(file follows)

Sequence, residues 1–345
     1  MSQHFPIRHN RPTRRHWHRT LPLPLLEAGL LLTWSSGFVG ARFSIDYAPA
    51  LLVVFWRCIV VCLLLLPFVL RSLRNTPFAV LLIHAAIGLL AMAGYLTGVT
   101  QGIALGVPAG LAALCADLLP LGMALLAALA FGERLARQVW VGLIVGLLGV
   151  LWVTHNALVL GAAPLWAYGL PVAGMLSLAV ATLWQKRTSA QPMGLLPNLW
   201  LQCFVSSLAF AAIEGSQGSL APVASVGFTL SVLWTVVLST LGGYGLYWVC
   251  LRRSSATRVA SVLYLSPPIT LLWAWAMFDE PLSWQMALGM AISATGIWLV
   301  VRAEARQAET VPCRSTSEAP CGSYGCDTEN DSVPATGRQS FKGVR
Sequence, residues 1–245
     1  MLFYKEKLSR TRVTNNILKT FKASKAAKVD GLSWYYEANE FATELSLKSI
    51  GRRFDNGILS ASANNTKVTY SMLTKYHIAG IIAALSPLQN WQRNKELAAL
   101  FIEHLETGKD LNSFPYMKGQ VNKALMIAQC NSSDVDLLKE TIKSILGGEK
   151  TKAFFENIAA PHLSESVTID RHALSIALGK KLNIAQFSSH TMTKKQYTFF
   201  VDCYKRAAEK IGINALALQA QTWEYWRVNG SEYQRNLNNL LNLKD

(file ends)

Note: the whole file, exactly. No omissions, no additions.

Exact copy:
Sequence, residues 1–345
     1  MSQHFPIRHN RPTRRHWHRT LPLPLLEAGL LLTWSSGFVG ARFSIDYAPA
    51  LLVVFWRCIV VCLLLLPFVL RSLRNTPFAV LLIHAAIGLL AMAGYLTGVT
   101  QGIALGVPAG LAALCADLLP LGMALLAALA FGERLARQVW VGLIVGLLGV
   151  LWVTHNALVL GAAPLWAYGL PVAGMLSLAV ATLWQKRTSA QPMGLLPNLW
   201  LQCFVSSLAF AAIEGSQGSL APVASVGFTL SVLWTVVLST LGGYGLYWVC
   251  LRRSSATRVA SVLYLSPPIT LLWAWAMFDE PLSWQMALGM AISATGIWLV
   301  VRAEARQAET VPCRSTSEAP CGSYGCDTEN DSVPATGRQS FKGVR
Sequence, residues 1–245
     1  MLFYKEKLSR TRVTNNILKT FKASKAAKVD GLSWYYEANE FATELSLKSI
    51  GRRFDNGILS ASANNTKVTY SMLTKYHIAG IIAALSPLQN WQRNKELAAL
   101  FIEHLETGKD LNSFPYMKGQ VNKALMIAQC NSSDVDLLKE TIKSILGGEK
   151  TKAFFENIAA PHLSESVTID RHALSIALGK KLNIAQFSSH TMTKKQYTFF
   201  VDCYKRAAEK IGINALALQA QTWEYWRVNG SEYQRNLNNL LNLKD